Lew touts bipartisan deal-making at Treasury confirmation hearing

Jack LewJacob (Jack) Joseph LewOvernight Finance: US reaches deal with ZTE | Lawmakers look to block it | Trump blasts Macron, Trudeau ahead of G-7 | Mexico files WTO complaint Obama-era Treasury secretary: Tax law will make bipartisan deficit-reduction talks harder GOP Senate report says Obama officials gave Iran access to US financial system MORE, the president's nominee to head the Treasury Department, touted his lengthy bipartisan deal-making credentials Wednesday in opening testimony before the Senate Finance Committee.

Lew, seeking the confirmation of lawmakers, vowed he would take into consideration all perspectives if given the executive branch's top economic spot, noting that his lengthy Washington career was full of such efforts.

"Forging bipartisan consensus is not an abstract idea for me," he said, according to prepared testimony. "It is the fundamental thread that spans my professional life.

"Neither party has a monopoly on good ideas," he added.

Lew cited his previous work in Congress and the administration, such as an adviser to former Speaker Tip O'Neill (D-Mass.) when he hammered out a compromise on Social Security with President Reagan. He also noted that he oversaw a run of budget surpluses as budget director under President Clinton and helped hammer out the summer 2011 deal to raise the debt limit and begin tackling the deficit.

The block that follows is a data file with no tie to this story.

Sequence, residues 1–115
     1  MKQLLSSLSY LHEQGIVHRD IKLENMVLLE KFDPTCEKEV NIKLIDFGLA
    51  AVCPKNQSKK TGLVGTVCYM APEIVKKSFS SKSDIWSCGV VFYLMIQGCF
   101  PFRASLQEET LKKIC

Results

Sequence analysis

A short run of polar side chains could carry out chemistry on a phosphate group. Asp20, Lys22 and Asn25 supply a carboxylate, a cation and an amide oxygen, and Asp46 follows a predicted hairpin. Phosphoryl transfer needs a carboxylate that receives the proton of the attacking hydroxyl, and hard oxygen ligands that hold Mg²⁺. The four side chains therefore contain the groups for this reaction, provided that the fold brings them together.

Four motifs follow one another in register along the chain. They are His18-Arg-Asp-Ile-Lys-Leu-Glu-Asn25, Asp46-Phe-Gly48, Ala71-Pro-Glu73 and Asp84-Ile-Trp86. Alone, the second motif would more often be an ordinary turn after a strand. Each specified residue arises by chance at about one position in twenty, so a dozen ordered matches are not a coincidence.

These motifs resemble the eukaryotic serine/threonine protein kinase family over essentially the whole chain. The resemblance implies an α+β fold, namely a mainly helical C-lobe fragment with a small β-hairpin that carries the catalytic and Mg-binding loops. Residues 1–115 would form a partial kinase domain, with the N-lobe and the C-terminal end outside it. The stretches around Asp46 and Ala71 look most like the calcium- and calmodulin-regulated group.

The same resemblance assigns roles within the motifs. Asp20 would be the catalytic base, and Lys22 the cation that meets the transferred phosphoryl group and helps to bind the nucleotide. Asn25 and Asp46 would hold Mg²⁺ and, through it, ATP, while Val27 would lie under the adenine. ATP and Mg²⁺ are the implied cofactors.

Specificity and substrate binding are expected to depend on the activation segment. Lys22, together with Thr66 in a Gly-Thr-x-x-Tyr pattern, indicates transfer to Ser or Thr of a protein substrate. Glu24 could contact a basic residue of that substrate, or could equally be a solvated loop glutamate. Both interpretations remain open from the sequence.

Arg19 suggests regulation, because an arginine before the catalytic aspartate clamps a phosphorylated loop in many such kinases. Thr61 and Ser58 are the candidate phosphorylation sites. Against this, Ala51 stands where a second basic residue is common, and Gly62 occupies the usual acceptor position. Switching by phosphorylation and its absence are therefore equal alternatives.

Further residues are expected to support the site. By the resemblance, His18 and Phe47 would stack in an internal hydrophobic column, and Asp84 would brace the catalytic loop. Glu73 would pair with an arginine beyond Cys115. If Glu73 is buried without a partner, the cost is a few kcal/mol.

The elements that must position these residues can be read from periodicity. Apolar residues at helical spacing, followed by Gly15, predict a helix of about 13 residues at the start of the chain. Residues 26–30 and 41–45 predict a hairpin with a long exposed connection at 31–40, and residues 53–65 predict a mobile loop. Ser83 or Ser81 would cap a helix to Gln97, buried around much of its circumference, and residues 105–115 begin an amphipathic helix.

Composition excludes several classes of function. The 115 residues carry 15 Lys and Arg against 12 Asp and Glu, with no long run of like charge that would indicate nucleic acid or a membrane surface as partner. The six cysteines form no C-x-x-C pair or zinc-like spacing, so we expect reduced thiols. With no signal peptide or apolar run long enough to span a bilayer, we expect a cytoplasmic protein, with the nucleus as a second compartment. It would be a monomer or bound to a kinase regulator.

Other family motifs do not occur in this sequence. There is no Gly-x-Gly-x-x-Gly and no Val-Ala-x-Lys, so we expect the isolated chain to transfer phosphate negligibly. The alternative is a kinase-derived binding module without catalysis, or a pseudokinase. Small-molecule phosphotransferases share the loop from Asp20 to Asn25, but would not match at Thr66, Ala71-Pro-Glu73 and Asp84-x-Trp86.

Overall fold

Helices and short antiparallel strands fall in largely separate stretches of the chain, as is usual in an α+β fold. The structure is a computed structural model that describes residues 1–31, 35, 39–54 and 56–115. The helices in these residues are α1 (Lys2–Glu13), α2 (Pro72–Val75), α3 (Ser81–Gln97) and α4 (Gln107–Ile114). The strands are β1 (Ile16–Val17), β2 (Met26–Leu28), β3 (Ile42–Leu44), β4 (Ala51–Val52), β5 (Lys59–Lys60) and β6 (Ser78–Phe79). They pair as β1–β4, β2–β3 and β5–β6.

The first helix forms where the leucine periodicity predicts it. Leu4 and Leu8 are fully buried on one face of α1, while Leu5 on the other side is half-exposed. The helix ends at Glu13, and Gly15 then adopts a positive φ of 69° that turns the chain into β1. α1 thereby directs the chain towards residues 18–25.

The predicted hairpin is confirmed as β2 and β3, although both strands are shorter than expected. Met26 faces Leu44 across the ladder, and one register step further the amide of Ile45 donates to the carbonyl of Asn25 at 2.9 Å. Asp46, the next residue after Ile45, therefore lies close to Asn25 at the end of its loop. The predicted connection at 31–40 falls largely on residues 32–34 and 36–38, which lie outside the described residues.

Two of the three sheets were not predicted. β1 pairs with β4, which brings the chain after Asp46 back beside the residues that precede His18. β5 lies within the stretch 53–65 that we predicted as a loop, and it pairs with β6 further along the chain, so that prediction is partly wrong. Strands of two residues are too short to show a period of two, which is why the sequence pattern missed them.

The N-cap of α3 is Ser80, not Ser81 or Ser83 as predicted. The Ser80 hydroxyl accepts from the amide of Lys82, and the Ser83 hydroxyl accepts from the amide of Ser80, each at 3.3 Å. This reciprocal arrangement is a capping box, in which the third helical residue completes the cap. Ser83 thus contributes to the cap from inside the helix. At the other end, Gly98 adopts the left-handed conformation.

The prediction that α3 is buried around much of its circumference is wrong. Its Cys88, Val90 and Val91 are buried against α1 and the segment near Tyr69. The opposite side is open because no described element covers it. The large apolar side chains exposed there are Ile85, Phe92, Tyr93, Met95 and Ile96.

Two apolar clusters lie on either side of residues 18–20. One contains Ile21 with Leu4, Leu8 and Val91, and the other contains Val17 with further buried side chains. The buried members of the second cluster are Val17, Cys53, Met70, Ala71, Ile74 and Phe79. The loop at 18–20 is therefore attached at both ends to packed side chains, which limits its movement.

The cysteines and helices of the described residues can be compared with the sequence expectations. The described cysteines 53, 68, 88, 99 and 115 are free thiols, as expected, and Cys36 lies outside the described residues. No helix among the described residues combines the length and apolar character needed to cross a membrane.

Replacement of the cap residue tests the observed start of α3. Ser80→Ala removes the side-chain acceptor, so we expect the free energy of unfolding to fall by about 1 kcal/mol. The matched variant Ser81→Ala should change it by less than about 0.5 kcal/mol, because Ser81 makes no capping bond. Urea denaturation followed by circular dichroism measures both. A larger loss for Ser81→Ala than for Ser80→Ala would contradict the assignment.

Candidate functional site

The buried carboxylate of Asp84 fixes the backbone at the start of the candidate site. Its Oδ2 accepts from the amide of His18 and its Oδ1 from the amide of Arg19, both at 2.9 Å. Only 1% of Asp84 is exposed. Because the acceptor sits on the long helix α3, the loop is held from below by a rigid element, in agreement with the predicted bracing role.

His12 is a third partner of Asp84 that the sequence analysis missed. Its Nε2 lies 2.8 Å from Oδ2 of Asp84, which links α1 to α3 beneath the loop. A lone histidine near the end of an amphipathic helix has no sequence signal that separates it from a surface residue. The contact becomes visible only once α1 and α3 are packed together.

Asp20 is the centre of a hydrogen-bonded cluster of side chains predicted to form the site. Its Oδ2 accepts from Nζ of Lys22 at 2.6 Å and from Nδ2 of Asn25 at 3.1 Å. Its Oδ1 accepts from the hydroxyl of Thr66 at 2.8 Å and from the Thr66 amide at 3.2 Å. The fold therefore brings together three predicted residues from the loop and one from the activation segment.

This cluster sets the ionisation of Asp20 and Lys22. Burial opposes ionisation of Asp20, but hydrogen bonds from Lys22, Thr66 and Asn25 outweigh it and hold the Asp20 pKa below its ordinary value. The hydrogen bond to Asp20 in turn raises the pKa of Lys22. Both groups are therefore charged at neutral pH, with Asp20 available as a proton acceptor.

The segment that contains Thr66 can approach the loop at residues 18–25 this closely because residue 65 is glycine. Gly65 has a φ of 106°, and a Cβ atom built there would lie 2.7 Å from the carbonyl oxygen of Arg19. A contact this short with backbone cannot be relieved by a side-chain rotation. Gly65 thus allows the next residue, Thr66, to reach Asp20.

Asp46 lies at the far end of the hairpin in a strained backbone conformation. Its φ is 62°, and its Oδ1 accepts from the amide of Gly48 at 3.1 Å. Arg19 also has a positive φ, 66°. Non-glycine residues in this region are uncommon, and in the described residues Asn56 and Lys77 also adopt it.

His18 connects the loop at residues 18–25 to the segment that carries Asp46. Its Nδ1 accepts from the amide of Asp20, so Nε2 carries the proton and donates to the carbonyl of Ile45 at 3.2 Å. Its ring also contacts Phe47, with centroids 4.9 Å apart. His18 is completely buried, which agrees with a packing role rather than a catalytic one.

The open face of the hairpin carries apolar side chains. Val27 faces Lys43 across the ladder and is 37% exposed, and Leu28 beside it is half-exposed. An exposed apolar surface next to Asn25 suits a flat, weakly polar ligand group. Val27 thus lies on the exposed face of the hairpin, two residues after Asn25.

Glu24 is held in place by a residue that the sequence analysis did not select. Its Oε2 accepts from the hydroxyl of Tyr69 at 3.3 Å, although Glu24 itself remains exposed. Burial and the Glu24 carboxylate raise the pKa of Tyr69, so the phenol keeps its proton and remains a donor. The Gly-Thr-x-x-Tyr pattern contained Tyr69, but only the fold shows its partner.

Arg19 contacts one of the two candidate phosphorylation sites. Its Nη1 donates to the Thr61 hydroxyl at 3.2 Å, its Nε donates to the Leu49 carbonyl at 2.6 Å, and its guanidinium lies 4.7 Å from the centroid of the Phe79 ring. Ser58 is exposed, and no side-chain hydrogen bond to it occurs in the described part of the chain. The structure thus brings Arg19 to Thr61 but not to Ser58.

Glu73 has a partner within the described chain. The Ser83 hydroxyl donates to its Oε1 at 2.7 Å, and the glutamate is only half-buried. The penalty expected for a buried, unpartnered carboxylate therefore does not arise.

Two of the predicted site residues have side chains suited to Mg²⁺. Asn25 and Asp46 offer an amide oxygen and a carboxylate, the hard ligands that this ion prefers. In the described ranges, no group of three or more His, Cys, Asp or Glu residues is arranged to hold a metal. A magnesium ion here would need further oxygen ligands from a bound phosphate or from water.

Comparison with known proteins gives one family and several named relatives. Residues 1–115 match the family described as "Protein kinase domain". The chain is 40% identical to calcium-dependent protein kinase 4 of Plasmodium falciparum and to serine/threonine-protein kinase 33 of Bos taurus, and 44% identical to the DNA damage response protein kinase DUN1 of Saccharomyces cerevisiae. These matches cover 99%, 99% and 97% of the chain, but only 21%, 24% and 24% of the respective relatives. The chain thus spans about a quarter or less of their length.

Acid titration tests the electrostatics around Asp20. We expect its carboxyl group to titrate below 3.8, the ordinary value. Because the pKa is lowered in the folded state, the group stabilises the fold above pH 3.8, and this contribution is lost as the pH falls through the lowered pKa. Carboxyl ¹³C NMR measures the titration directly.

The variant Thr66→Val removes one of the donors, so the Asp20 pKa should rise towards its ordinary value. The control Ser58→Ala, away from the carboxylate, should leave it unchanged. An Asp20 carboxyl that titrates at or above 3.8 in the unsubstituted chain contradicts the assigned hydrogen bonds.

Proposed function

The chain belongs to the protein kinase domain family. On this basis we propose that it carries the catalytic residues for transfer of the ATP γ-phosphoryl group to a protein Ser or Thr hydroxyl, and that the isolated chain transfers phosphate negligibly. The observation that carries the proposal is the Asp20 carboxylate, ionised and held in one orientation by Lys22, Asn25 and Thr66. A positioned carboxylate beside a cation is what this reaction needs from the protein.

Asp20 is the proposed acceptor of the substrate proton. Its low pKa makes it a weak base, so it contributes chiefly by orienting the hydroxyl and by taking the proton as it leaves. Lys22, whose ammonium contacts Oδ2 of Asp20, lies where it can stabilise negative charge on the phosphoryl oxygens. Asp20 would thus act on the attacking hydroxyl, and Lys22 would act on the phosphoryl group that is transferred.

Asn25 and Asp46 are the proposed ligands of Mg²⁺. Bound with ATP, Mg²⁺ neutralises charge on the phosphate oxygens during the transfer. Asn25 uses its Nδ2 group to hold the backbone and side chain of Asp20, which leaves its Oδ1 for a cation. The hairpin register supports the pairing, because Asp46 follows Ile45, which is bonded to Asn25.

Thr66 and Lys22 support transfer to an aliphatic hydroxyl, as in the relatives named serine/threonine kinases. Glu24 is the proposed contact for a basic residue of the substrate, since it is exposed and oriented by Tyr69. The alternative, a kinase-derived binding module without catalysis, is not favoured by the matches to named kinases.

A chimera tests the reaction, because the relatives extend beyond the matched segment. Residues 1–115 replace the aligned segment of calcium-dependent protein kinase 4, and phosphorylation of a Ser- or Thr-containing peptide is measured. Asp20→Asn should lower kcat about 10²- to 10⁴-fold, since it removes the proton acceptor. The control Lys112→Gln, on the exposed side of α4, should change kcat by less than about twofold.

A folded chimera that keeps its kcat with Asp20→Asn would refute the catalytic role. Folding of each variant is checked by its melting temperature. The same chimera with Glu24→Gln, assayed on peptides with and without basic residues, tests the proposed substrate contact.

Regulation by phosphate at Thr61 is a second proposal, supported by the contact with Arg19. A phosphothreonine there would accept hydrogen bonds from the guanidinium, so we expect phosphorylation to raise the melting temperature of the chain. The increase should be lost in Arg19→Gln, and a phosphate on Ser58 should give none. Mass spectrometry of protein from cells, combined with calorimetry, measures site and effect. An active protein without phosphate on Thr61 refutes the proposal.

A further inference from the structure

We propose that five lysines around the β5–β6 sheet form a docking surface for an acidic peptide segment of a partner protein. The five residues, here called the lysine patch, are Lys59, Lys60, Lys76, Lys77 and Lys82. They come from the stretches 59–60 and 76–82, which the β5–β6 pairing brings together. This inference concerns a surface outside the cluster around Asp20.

Of course, that deal, the Budget Control Act, also lay the seeds for the automatic spending cuts known as the sequester, which are set to take effect on March 1. Lew said those cuts would "impose self-inflicted wounds" on the economy and must not be allowed to take effect.

With the two parties continuing to square off over a host of fiscal issues, Lew sought to strike a rare optimistic note on what could be achieved in modern Washington.

"In recent years, some have argued that Washington is irrevocably broken. That our government cannot tackle the nation's most serious problems. That bipartisanship is a thing of the past," he said. "I disagree … I can honestly say that the things that divide Washington right now are not as insurmountable as they might look."

Between heading budget offices for Presidents Clinton and Obama, Lew spent time as a chief operating officer at Citigroup. Republicans have raised concerns about his role at the bank, which ultimately required billions in bailout funds, as well as his compensation there, which included an investment in a fund based in the Cayman Islands.

But in his opening remarks, Lew summarizes that time in one sentence, saying he was "part of the senior management team trying to drive organizational change."